Wednesday, February 25, 2009

Where Rocks are Other Things: anthropocentrism and landscape
an·thro·po·cen·tric (nthr-p-sntrk) adj. 1. Regarding humans as the central element of the universe. 2. Interpreting reality exclusively in terms of human values and experience. 
( 25/02/2009) 
A practical demonstration of anthropocentrism is to be found in the naming of prominent features of the landscape. For example: “The Sleeping Lady”, being a local name for the eastern slope of Mount Watkins in the Hamersley Ranges, describing the profile seen when approaching from the west, or “Cathedral Pool” being the name given to a rock pool in Wittenoom Gorge that lies cupped to the underbelly of an cliff, the eroded face of which evokes the ceiling vaults of a cathedral.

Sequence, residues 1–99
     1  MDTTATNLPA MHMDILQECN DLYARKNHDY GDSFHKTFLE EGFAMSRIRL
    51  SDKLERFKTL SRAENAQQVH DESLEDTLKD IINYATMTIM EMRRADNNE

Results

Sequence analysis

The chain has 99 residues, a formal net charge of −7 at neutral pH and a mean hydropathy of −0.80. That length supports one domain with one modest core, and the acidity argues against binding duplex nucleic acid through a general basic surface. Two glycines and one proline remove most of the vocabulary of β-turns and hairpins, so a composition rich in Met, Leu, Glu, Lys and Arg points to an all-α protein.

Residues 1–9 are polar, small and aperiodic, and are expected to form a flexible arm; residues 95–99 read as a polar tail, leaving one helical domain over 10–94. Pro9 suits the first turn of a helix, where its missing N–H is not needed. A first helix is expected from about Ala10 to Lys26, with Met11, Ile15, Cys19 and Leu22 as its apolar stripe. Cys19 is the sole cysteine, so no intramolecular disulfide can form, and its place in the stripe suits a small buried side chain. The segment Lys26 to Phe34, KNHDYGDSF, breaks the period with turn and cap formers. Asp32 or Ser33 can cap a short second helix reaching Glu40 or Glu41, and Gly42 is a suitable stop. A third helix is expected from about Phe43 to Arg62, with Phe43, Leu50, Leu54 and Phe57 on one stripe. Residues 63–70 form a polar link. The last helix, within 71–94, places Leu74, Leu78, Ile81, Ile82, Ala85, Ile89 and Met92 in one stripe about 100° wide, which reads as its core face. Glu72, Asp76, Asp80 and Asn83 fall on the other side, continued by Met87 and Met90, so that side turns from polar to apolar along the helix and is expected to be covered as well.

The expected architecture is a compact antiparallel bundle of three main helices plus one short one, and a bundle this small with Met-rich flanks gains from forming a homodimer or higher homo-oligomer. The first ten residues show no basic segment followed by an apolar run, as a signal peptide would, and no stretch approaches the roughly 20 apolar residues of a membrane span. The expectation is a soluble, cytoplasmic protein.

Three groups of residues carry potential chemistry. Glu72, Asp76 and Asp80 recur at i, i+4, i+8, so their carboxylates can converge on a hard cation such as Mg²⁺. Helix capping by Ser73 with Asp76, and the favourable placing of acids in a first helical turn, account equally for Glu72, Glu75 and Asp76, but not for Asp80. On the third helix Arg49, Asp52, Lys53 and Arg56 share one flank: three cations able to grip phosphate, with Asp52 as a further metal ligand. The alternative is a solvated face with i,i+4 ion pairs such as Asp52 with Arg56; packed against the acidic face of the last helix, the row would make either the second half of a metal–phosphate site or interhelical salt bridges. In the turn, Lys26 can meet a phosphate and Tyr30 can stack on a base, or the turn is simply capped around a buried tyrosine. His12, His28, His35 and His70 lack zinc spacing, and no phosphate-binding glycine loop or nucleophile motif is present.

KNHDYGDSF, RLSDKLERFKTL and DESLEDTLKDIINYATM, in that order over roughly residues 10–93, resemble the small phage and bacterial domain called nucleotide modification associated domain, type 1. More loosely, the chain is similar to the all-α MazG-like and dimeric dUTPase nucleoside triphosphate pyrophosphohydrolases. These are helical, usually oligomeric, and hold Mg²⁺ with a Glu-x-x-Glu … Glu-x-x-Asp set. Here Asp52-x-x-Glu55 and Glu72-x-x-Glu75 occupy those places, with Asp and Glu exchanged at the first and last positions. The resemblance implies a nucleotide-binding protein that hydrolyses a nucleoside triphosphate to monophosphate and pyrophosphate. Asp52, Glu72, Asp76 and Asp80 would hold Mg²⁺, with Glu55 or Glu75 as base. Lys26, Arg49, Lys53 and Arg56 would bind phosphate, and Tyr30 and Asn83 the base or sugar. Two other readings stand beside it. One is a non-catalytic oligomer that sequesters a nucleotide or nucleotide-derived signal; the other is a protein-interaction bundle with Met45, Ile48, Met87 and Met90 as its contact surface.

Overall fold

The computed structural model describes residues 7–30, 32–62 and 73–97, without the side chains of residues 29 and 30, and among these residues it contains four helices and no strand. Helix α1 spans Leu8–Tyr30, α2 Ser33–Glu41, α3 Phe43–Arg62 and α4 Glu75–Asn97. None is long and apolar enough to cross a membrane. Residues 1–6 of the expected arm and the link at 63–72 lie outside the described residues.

In the mid 1930s, The Albany Advertiser published the articles “Strange Rock Formations” (1935, 49-50) and “Where Rocks are Other Things” (1936) in which local rock formations were described as “freaks” and in anthropocentric terms. On their list were: Dog Rock, Shark or Eagle Rock, Pulpit Rock, Helmet Rock, Devil’s Gap, Natural Bridge, Boat Rock, Wagon Rock, Koala Rock, one described as looking like a chimpanzee, another like a snarling dog’s head. The name of a particular feature of the landscape may be anthropocentric, but - when it comes to particular speaking positions, in terms of discourse - they can be even more specifically so. The prominence at the eastern edge of the Gap is referred to by the National Park Ranger as “Gorilla Head Rock”, whereas rock climbers call it “Sea Wolf”. The discourse of rock climbers, a vocabulary specific to their activities, in which every rock face and every variation of climbing it has an individual name, also offers possibilities for poetic transformation. Rock faces are walls, wave-ledges are platforms, boulders can be blocks, protrusions, flakes. In South Coast Rock: Guide to Rock Climbing on WA’s South Coast, author Shane Richardson describes Climb 15 on the Natural Bridge’s “Orca Wall“: Climb the slightly overhanging, left trending lay back crack (the stomach of the ‘diving killer whale’) to finish up the thin crack above. (23) The naming of aspects of landscape in familiar terms renders the unknowable known, the unfamiliar familiar. Likewise, story attempts - by filling in the gaps (no pun intended) - to make the unknowable known. The local narrative describing underwater caves at the Gap (used in my poem “The Gap” in Southern Edge) arose from an attempt to explain how a woman could vanish completely. An alternative angle is that some local narratives are actually cautionary tales, arising not from historical events but because the contemplation of a feature of the landscape incites the viewer to imagine potentiality, the possibility for harm. Another perspective offers the possibility of redemption, she is not dead but alive in the caves from which there is the likelihood, like other women vanished into the underworld (such as Persephone and Eurydice, for example) that with some kind of upper-worldly intervention she might emerge alive. There are many areas on the Australian coastline called the Gap. Sydney’s is notorious. In fact, most sites bearing the name, and similar names, are notorious. Dare we entertain the notion that reputation (and story, in this case) is semantic, that it could be linked more to a name than it is to a place? Fact or folklore? It is almost impossible to say. These days, suicides on this area of the South Coast do not receive media coverage, and therefore most information, true or false, is related through the gossip-network, where after much repetition and elaboration stories of suicides are more legend than “truth”. In view of the mobility of urban legend, it isn’t inconceivable that these “local” legends, restricted to a degree by the requirement for certain features of the landscape to be present, might move from place to place, attaching to certain features of landscape rather than specific places. The Gap at Albany hasn’t always been the focus of white people’s local lore. In fact, until the construction of an adequate access road for vehicles in the 1930s – built to encourage tourism in the Albany area – the Gap was barely accessible except by a rough walk trail. In documentation from that period, the zawn is christened “Devil’s Gap”. Compare the semantics of the name “Devil’s Gap” with that of its neighbour “Natural Bridge”. The contradictions are ironic indeed. The name “Devil’s Gap”, metaphorically loaded with Christian foreboding, is attached to the place which appears to be the most dangerous - all froth and noise, unpredictable winds, waves thundering into the crevasse. Yet, statistics appear to show that most people who die in that particular area are washed to their deaths by surges sweeping under the seemingly benign “Natural” Bridge. From: The lighthouse keeper's wife, and other stories ; and, Ceremony for ground : narrative, landscape, myth